Court Freezes El Al Pilots’ Resignation Until Saturday

Order prevents further disruptions to flights will sides continue to talk

El Al planes parked at Ben-Gurion International Airport, Tel Aviv.
Ariel Schalit/AP

The threat over El Al flights was temporarily lifted on Wednesday after a Tel Aviv Labor Court told eight flight supervisors to freeze their resignations until Saturday night, while the two sides continue to negotiate over a wage dispute.

Judge Ofira Dagan-Tuchmacher said the eight could decide individually by Saturday night whether they wanted to remain on their jobs or quit. In the meantime, she expressed deep frustration with both sides of the dispute, which has caused repeated disruptions in El Al flights.

“I don’t know who is still buying El Al tickets. The public has been hurt by the way both sides have been acting. It seems to be that for both sides passengers are of no interest to them,” she said.

Although the order only lasts a few days, stock market investors were happy with the decision and sent El Al shares 4.2% higher on the Tel Aviv Stock Exchange to close at 2.65 shekels (71 cents).

El Al had asked the court to bar the pilots from quitting. As flight supervisors, the eight are among the carrier’s most senior pilots and serve as inspectors and supervisors. Without them, El Al would have to suspend flights at a huge cost to the company, it warned on Tuesday.

In addition, their resignations would have caused the airlines’ chief pilot, Doron Karni, to step down as well, a move that under Israeli aviation rules would have forced El Al to suspend all flights.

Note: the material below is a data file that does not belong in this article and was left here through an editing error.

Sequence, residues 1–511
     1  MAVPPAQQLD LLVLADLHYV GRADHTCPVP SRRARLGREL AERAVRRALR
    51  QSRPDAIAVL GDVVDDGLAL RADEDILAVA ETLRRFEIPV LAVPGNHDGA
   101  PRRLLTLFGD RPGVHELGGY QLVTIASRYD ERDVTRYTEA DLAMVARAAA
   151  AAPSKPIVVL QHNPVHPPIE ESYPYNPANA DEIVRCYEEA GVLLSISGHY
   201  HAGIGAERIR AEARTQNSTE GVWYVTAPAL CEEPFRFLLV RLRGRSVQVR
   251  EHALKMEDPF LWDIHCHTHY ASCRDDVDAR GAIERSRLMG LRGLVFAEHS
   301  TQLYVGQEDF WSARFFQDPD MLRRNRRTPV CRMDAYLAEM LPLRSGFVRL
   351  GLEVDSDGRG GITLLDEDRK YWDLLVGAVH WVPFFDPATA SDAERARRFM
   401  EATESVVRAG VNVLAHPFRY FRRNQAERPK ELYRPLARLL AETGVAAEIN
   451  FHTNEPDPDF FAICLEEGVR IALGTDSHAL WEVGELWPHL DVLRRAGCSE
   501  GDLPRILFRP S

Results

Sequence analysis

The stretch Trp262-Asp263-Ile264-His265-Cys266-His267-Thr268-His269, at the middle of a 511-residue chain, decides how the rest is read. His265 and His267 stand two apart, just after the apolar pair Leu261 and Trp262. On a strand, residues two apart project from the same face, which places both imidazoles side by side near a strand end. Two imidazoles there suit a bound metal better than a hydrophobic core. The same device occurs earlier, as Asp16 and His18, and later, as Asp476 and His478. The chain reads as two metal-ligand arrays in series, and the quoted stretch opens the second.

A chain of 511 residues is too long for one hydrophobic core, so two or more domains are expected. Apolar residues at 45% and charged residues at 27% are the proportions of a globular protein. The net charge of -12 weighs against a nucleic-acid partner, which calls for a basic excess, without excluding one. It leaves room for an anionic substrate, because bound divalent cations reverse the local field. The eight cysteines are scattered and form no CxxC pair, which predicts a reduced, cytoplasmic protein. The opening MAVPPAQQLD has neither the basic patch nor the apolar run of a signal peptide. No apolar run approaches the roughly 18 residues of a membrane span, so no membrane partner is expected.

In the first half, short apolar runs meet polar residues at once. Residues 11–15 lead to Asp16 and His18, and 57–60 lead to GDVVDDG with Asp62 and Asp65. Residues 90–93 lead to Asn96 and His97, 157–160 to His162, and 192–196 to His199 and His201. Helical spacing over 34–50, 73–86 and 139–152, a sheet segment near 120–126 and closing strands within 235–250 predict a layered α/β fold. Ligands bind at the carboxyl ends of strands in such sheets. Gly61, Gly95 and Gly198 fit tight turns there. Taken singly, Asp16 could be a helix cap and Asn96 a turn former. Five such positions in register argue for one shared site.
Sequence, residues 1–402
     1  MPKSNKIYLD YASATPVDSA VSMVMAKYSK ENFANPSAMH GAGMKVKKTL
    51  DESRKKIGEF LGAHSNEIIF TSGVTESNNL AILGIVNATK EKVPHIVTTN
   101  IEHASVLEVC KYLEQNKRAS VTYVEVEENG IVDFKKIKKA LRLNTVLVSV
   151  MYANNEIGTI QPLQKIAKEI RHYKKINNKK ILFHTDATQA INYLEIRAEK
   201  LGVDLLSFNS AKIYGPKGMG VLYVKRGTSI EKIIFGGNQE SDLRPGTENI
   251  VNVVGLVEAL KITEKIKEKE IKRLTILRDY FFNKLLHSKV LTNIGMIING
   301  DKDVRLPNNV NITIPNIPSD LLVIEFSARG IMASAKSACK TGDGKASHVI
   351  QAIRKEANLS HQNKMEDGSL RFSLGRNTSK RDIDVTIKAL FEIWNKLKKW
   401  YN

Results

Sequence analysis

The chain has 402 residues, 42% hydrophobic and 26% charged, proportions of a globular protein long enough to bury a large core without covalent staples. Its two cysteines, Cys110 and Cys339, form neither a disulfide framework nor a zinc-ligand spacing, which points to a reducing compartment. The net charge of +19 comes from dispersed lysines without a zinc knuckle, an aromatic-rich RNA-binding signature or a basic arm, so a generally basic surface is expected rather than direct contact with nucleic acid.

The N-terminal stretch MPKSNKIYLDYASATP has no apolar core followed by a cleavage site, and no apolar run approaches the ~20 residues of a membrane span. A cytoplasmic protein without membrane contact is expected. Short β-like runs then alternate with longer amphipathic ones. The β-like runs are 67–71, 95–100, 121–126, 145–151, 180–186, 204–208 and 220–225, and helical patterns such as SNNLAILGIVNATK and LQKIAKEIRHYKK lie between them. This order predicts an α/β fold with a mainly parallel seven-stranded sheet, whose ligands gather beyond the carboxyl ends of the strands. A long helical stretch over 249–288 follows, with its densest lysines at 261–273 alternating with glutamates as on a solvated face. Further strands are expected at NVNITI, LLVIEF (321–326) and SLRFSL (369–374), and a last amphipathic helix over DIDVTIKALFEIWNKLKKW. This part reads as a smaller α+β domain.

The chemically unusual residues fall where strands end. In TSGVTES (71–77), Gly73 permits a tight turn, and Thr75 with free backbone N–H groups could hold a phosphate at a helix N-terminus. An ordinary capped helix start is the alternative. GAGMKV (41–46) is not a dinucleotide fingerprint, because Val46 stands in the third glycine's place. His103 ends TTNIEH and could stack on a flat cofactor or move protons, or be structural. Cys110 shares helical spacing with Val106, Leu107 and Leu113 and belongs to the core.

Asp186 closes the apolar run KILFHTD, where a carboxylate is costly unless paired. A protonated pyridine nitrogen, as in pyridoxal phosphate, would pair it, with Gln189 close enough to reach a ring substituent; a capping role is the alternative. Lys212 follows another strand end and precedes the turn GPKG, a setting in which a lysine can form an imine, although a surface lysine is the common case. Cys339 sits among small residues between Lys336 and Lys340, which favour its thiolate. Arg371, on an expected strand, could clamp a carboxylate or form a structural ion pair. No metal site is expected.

The dispute centers on pay for pilots ages 65 to 67, who are barred from flying commercial routes any longer under new international rules but are too young to retire. They had been assigned to training functions, but that pays far less than flying – and when management sought last month to cut their salaries, pilots protested by calling in sick.

The eight pilots who resigned had tendered their resignation three months ago, but they were only due to go into effect this week, prompting management’s appeal to the court.

In response, one of the eight said, “Management’s petition to delay our resignations means they will be turning us, the pilots, into prisoners of the negotiations.”

Management and the pilots union, which was shown to the court yesterday, calls for pilots’ salaries to be no less than 60,000 shekels ($16,000) a month, the same as for ordinary pilots. However, the two sides are at odds about work conditions, specifically how many training sessions they have to conduct every month – eight or nine – and how they will be compensated in months they do fewer than the minimum.